Recently Google published their multi-year long study of what makes good managers in their company.
Their overwhelming conclusion: Good managers are still needed despite the rising fear of robotics and automation.
While this study wasn't just about Product Managers, we also know that at Google there are more product managers than most small and medium sized companies -- heck they have more product managers than the entirety of small and medium sized companies. We can only surmise that the survey and their intensive study reflected the great work their PMs do to support the wonderful software and hardware products they create or us at Google.
Here's the full list (unedited, courtesy of Google re:Work):
There's those are belong to the individual contributors. We've all been there at some point in our careers or earlier on in our careers. Great manager rise up the ranks because they know how to get more or get better results or is better are galvanizing the individual contributors to create something great.
Good coaches also do that when knowing the strengths and weaknesses of team. Knowing when to provide guidance, motivate, use the carrot or a stick to get things done but always knowing how to balance those things out. Not everyone needs coaching and some people are great, but almost everyone can use some coaching some of the time.
Coaches are also good at empowering the team. In Agile teams or Scrum teams, we want the team to be self-organized and thus we want people to be empowered to be proactive, step in to fill the gaps if there are any and raise/question things when they are not going right.
We can also take this a bit further and identify that managers in general are not micromanagers (otherwise that'll be the prefix in their title). Great product managers know this and even though they might have been an individual contributor at one point, they know that they can get more out of people by staying out of the way of managing the minitia of the details.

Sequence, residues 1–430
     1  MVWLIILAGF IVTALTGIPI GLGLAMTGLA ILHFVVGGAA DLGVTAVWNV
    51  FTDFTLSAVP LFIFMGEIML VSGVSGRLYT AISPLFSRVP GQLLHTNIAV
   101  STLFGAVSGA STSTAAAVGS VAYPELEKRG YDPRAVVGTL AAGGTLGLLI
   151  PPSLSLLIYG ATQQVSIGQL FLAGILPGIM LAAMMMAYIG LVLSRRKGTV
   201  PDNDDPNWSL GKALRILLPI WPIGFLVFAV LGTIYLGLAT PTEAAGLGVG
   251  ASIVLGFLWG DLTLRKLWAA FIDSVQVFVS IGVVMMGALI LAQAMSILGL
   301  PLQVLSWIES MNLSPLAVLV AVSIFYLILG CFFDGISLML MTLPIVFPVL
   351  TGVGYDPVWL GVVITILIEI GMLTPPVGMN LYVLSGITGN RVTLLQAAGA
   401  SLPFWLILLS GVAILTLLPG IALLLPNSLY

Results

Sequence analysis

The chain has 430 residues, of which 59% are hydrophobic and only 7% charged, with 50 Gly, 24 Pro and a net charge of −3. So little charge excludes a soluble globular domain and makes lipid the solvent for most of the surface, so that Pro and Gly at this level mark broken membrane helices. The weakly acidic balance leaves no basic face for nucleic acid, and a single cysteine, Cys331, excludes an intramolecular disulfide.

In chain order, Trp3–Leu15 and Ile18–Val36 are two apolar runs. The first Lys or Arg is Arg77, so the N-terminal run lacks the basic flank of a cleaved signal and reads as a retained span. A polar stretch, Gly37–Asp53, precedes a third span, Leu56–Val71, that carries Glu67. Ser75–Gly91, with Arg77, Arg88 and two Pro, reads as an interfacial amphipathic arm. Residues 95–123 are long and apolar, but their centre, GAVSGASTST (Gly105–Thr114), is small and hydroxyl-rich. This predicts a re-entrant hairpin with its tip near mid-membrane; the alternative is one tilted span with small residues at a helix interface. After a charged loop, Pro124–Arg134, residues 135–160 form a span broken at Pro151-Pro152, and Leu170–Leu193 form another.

This gets into the 6th point the Google uncovered in this study -- managers are focused on making their team know that they care about their careers and would give them the opportunity to learn and stretch their knowledge and widen their experience.
Less so is the topic about managing the work itself, but rather to managing the performance of the individual and in the team as a whole. Great PMs know that those crucial conversations on poor performance. It's one of the most difficult conversations to have, but is a skill that makes or breaks a good PM.
Having a clarity of vision and strategy is what great managers and great product managers do. It's not always easy but keep that steady is the one thing that makes sure that great product managers do for their staff and ot keep the "north star" of their product chugging along and ensure everyone is keeping to that pace.
A lot of these top 10 traits of PMs are synergistic. A good coach embodies all those qualities. But the reality is that every one of these needs to fall in line in order to get a good manager in your rank and file.